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Gov’t youth policy: all talk, no ‘conversation’

November 19, 2011
Wednesday, November 11, 2009 – 11:00
By Tim Dobson

The mainstream media have been quick to praise the “resilience” of the Australian economy and the Rudd government has lauded itself for avoiding a “technical recession”, but the human impact of the economic downturn has been downplayed.

The 2009 Foundation for Young Australians (FYA) report, “How Young People Are Faring”, gives a sobering contrast to the sterile reports of GDP figures and swings in the All Ordinaries index.

Released on October 8, the FYA report showed the economic situation for young people is deteriorating at an alarming rate. It found the numbers of teenagers not studying or working full-time rose from 13.4% to 16.4% — the highest level since the early 1990s.

The report also found teenage unemployment not in full-time education had risen from 12.2% in 2008 to 18.5% in 2009. It said, “the last 12 months has seen reduced rates of entry into full-time work for school leavers”.

FYA CEO Adam Smith said the report’s findings were “concerning signs about the declining wellbeing of young Australians”.

“In these turbulent times, the challenge for all of us is to provide innovative pathways and new opportunities for young people so that they can realise their full potential.”

That certainly is the challenge, but the Rudd government is not offering any “innovative pathways”.

Federal youth minister Kate Ellis announced a National Strategy for Young Australians on October 22. A centrepiece of the announcement was a “nationwide conversation” with young people.

But the “conversation” Ellis wants has the government doing all the talking and none of the listening.

Already, the government has announced seven “priorities” of the youth strategy. However, not once in the strategy’s discussion paper is climate change, or the environment, mentioned.

Climate change will have a huge impact on the lives of all young people. They will face the consequences from decisions not of their making.

In a nationwide poll of 37,000 young people, organised by the Australian Youth Climate Coalition in September, 97.5% voted for emissions cut targets much higher than those proposed by the government.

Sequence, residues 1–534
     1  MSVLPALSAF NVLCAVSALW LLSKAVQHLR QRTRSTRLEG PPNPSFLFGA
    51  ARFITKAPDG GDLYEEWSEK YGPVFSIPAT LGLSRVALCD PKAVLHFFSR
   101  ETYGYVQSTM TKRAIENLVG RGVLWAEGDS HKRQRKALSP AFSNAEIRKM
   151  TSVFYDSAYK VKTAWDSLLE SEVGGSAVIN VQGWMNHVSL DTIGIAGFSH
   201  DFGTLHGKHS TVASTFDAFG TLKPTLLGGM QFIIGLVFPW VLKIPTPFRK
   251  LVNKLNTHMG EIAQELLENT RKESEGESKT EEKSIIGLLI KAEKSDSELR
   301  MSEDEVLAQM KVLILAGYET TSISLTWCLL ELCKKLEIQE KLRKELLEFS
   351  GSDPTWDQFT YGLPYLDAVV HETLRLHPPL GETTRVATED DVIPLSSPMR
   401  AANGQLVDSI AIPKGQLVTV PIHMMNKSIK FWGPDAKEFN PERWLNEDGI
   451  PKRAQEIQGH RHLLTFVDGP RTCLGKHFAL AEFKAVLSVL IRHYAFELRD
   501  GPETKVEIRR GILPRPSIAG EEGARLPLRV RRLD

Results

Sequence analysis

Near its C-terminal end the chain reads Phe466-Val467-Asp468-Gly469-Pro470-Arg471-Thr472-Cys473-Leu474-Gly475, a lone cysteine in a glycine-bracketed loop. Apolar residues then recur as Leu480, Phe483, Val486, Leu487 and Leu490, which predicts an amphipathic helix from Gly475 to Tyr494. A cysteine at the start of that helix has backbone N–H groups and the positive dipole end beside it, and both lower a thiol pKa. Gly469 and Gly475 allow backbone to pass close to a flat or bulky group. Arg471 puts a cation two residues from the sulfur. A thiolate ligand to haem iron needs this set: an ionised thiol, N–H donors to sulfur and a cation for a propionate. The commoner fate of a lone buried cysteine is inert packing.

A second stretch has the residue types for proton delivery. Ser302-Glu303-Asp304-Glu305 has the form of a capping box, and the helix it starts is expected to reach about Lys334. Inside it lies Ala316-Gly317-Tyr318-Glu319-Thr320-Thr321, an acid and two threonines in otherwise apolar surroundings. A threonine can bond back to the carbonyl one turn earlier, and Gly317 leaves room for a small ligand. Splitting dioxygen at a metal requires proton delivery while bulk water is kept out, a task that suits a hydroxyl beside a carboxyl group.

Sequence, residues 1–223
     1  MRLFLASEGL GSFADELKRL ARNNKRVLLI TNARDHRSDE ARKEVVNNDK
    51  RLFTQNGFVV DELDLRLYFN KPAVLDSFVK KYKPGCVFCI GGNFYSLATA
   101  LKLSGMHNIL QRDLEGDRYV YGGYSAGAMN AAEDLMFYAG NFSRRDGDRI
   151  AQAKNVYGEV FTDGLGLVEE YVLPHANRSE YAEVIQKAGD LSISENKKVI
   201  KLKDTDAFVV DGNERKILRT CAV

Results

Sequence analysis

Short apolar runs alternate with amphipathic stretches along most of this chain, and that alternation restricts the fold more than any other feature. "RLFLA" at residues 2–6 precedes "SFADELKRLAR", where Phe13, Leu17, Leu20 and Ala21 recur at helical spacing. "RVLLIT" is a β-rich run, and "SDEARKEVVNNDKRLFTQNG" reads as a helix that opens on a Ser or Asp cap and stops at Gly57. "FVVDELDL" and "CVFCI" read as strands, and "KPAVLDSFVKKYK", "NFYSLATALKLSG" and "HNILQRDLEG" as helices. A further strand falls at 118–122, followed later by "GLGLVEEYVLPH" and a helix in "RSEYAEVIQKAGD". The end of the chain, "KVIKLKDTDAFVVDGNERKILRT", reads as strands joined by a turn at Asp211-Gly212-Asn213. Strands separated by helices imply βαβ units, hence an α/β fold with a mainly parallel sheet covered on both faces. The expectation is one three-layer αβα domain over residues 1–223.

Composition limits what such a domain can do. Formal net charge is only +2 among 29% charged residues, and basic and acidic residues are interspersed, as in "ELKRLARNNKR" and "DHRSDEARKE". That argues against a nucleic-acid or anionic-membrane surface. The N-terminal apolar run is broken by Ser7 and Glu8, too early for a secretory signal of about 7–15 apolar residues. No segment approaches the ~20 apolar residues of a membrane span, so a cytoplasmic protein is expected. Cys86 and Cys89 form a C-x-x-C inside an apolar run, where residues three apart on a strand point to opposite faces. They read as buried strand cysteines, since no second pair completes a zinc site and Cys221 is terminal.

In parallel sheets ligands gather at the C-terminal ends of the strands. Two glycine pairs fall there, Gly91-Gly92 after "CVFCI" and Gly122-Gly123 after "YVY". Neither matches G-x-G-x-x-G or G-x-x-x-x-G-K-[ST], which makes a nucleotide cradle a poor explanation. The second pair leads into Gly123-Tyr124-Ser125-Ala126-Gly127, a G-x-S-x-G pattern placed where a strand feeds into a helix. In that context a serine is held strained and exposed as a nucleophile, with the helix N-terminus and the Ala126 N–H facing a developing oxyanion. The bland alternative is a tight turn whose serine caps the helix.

Young people’s strong views on climate change could be one reason the government is reluctant to have a conversation about it.

Other discussion topics are also excluded from the “conversation”, such as youth unemployment, unequal access to university, gender or sexual or racial discrimination, public transport, housing affordability or social security.

Instead, the government wants to discuss “areas of concern that require national action”, which include binge drinking, mental health and violence.

Yet these things are all symptoms of broader social problems, which the government doesn’t want to “talk” about. How can violence among young people be tackled, if dealing with youth unemployment or racial discrimination is not a part of it?

The government can’t expect a “conversation” when it doesn’t want to hear what young people have to say.

So Resistance offers the following points to start a real discussion about solving some of the biggest problems facing young people today.

· Young people should be trained to help meet the climate emergency. A huge program of publicly-funded investment in renewable energy is needed to help avert climate catastrophe. Young people should be skilled up and employed in this sector.

· Youth wages should be abolished. It is discriminatory and provides a disincentive for young people to find work.

· The government should place a nationwide moratorium on rent increases. High house prices and record rent hikes have hurt young people, worsening poverty.

· Youth Allowance and Newstart benefits should be raised from their current levels, which are far below the poverty line. No young person in Australia should have to live in poverty while they are studying or looking for work.

· Education should be free. Education should be for all, not just the rich; reducing the growing costs of attending higher education would be the first step to reducing this disparity.

· Young people must get the vote. Reducing the voting age to 16 is an important democratic reform. Young people can drive, work and pay taxes at 16, so they should also be allowed to vote.

From GLW issue 817

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